Tonight I listened to people talk about fire–an escape from fire, an attempted suicide by fire, art made with fire. A few weeks ago, my mother-in-law’s church was set on fire. I learned that over 80% of arsonists are men and that most kids who play with fire are boys.
In the eighth grade I would stick crayons and pencils into the space heater to watch them melt or scar. I hid them in a metal box in my sock drawer. That was when I lived with my mother. When I lived with my father I placed crayons and paper in a pitcher and set them on fire in my room. The pitcher was plastic. A hole opened up on the side. Flames shot out. I rushed to the bathroom and threw it in the tub. Then I had to clean the mess up before my dad got home. I buried the pitcher in the field next door at ten o-clock at night. I was in the ninth grade. Sometime later my dad asked me if I had seen the yellow pitcher. “No,” I said. “Not for a while.”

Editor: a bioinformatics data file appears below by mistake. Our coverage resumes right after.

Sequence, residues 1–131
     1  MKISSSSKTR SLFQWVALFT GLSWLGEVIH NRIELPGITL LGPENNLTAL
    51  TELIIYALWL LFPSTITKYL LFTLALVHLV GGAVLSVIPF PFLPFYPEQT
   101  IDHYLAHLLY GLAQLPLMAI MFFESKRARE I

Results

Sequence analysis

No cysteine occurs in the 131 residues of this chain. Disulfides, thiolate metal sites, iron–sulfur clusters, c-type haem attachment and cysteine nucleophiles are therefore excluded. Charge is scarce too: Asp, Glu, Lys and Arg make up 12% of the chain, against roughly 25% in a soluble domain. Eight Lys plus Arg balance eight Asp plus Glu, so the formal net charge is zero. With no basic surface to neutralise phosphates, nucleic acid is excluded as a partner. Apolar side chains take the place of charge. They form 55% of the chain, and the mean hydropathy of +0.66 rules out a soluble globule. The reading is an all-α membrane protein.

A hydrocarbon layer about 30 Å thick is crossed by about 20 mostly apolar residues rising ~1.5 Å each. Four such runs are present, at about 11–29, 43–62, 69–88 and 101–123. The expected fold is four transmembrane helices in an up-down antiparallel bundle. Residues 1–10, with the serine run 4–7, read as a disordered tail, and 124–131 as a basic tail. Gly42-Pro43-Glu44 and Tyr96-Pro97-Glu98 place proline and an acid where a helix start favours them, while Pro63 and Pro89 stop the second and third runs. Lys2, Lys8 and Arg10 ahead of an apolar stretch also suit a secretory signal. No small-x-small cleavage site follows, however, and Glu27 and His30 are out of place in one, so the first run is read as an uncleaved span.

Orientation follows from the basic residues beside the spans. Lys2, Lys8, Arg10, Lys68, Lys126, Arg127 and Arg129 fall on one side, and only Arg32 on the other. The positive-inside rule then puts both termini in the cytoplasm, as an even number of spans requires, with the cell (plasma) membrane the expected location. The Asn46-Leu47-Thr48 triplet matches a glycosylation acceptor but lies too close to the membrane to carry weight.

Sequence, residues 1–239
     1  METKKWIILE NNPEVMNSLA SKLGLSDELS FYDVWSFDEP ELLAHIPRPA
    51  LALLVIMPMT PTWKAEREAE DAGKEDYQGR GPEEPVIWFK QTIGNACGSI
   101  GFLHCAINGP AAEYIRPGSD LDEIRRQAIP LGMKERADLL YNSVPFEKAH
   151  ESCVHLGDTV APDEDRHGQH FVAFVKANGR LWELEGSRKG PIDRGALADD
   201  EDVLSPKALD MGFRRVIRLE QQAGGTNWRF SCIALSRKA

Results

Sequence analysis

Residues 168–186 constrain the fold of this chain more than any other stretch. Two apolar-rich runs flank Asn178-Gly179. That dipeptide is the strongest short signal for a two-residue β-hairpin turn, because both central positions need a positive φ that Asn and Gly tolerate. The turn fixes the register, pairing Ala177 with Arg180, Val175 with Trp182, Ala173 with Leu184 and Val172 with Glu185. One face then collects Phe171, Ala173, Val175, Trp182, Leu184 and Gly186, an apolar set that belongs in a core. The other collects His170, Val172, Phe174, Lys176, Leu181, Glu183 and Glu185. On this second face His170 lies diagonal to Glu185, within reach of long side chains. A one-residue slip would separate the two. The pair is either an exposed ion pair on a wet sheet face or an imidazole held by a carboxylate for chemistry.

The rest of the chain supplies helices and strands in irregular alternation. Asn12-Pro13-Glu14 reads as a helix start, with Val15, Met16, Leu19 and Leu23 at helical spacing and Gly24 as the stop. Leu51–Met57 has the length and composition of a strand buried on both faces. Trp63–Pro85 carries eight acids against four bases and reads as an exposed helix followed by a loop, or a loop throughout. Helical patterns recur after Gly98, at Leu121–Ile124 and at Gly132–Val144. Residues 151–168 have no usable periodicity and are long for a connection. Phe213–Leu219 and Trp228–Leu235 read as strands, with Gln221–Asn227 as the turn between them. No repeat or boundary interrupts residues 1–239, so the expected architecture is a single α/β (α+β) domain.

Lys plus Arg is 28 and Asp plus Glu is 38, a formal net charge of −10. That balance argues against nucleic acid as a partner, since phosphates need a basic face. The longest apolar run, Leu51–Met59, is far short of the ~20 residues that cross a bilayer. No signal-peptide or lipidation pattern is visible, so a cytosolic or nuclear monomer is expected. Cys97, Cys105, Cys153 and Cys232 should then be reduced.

I was in the tenth grade living with my dad when I started my period. Until I got the courage to tell my dad I would empty the carton the tampons came in and burn the box in the fireplace. I’d then sweep up the ashes and dump them into the bottom of the outdoor garbage can. I burned a Cosmopolitan magazine that way too.
When I was very little, we had to burn our trash. I remember peering over the side of the stone wall my dad built around the pit. Bits of paper and sparks flew into the air. Eventually we got trash service and the pit disappeared. A pool is there now.
In 7th grade I knew these sisters whose house had burned down. The younger sister had been home at the time and her skin twisted up from her legs to her face. She was a tough girl. She and her sister got into fights more days than they didn’t.
Did Kafka want his manuscripts burned when he died? Or was that Nabokov? How many writers condemn words to the flame? I burned all the poems I wrote in high school. They did need to be disposed of, but they didn’t deserve the drama.
Have you…would you ever burn your writing? Do you have some secret stash or unfinished work you’d like to know that no one will see after you die? After my mother died, I found a novel she’d been writing. I keep it in a metal box and wonder what to do with it.